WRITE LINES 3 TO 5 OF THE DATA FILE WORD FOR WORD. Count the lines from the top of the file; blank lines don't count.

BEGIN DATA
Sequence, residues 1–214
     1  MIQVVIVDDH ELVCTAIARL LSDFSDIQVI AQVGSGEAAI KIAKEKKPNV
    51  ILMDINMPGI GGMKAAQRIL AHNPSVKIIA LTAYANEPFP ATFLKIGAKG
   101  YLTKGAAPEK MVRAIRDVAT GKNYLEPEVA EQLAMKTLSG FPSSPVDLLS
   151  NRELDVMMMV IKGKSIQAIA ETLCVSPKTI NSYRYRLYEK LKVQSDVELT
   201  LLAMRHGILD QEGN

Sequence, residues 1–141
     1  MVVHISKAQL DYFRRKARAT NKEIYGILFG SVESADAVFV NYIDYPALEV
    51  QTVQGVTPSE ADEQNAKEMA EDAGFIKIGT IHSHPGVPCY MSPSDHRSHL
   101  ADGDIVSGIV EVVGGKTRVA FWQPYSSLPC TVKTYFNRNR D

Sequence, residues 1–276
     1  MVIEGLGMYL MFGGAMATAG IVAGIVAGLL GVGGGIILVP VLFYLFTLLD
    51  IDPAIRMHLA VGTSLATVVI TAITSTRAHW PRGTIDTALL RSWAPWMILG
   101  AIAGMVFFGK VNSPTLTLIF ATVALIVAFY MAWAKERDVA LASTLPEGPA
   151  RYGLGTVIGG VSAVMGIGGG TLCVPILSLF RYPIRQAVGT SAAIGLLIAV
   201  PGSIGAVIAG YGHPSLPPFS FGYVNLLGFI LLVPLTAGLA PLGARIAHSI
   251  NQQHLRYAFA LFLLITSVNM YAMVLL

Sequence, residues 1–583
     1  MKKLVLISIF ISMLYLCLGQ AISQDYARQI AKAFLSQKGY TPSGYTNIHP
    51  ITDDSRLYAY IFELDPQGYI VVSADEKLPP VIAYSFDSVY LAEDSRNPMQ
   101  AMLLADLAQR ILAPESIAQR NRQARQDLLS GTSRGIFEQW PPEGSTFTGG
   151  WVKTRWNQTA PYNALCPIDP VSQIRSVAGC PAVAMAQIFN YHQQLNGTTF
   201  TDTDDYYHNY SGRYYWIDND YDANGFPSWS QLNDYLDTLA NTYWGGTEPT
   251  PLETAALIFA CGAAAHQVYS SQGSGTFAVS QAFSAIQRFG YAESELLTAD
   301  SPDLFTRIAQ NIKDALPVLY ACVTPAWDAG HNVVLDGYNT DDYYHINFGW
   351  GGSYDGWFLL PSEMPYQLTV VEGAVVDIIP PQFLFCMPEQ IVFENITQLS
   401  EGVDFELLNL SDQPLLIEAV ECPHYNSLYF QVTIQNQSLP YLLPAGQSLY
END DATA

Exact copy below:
    51  ILMDINMPGI GGMKAAQRIL AHNPSVKIIA LTAYANEPFP ATFLKIGAKG
   101  YLTKGAAPEK MVRAIRDVAT GKNYLEPEVA EQLAMKTLSG FPSSPVDLLS
   151  NRELDVMMMV IKGKSIQAIA ETLCVSPKTI NSYRYRLYEK LKVQSDVELT